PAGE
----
Experiencing the Value of Prayer
When Buffalo Bills’ safety Damar Hamlin collapsed on the field in Cincinnati Jan. 2, the injury proved so shocking it ended the game. Afterwards, I felt amazed at how quickly the value of prayer and prayer itself became an acceptable public practice.
The week following the game, our local newspaper carried a syndicated editorial cartoon. It depicted a man reading a front-page headline that said, “Country Collectively Kneels for Bills’ Damar Hamlin.” Behind him loomed a huge football player with a “Prayer 23” on his jersey. The man exclaims, “Whoa! Where’d you come from?”
It’s not that I’m anxious for prayer to become de rigueur in public life. A popular practice can easily turn into religious piety that is more show than heart. Besides, Jesus told us in Matthew 6:5-6 to pray privately rather than for public show.
Yet, at the same time, when players surrounded Hamlin and took a knee, I don’t think it was for show. It was a heartfelt expression of concern for the life of one of their compadres who had just mysteriously fallen.
Similar circles of on-field prayer followed in the weeks after, silently rendering the raging Supreme Court battles over prayer’s constitutionality of recent years null and void.
Discovering the Value of Prayer
As encouraging as that response was, I think our society needs to rediscover the value of prayer. Not by large public gatherings, but individually. Namely, by following Christ’s teaching in Matthew 6:6: “When you pray, enter your closet, and when you have shut your door, pray to your Father who is in secret” (MEV).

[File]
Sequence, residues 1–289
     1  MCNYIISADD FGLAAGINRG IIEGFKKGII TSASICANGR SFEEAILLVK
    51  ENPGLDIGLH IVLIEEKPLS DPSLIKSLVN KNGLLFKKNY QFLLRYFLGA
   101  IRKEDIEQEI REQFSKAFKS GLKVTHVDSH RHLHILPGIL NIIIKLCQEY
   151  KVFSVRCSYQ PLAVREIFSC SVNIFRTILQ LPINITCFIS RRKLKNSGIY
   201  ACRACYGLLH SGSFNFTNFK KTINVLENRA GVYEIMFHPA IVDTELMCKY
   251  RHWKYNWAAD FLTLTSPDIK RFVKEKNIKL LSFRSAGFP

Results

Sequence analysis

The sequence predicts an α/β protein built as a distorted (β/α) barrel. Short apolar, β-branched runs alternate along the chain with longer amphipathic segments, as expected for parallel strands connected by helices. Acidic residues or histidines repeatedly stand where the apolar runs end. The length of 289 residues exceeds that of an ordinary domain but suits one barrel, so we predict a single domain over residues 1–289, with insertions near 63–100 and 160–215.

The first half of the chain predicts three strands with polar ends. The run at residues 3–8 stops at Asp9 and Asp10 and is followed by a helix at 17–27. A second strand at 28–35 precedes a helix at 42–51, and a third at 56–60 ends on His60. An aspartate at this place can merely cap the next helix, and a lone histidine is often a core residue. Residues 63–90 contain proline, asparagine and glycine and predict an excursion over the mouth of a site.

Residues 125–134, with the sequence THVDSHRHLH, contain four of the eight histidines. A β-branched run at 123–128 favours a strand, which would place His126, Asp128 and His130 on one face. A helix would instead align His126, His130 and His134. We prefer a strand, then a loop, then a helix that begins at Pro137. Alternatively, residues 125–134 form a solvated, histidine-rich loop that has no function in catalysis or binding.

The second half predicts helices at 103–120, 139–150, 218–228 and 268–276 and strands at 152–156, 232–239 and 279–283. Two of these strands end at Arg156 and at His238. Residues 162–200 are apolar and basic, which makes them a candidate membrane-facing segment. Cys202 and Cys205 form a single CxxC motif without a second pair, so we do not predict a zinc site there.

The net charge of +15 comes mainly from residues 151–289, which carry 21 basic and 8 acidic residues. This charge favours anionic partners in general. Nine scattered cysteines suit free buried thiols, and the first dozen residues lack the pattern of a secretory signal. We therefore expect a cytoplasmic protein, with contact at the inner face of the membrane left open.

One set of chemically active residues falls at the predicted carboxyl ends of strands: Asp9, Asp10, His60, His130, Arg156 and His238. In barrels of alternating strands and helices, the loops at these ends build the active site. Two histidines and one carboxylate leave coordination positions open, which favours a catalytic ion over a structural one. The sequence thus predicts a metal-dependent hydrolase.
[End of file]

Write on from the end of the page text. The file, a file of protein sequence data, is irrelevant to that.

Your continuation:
It is in quiet, reflective prayer that we can discover the truths that God teaches in the Bible, like a Sabbath rest and the value of meditating on His Word.
Only when we turn away from the 24/7, always-on, always-working, always-scrolling-our-devices habit of modern life can we grow calm enough to hear from our Creator.
I saw the truth of that in early December, when our church’s customary monthly Sunday night prayer meeting had to move into a classroom because of practice for the Christmas cantata occupied the sanctuary.
Not only did the meeting had to move, the participant count shrank because a number of regular attenders were at cantata practice.
Sensing His Presence
The much smaller circle of prayer didn’t diminish its power, though. It demonstrated the truth of Matthew 18:20: “For where two or three are gathered together in My name, I am there in the midst of them” (NKJV, emphasis added).
There, in that small group the sharing, heartfelt prayer and exchange of personal concerns and ideas made it one of the best prayer meetings I’ve ever attended.
Near the end came the most powerful moment, when everyone stopped speaking and a hush fell over the room. A sense of the Holy Spirit’s presence surrounded us so strongly that I thought, “I could sit here for another hour and it wouldn’t bother me.”
I don’t know exactly how long we remained quiet. But I do know that only when we stop long enough to listen for God’s voice and feel His presence can we have any hope of jumping off the world’s merry-go-round.
I pray more people will experience such joy.
And joy it is.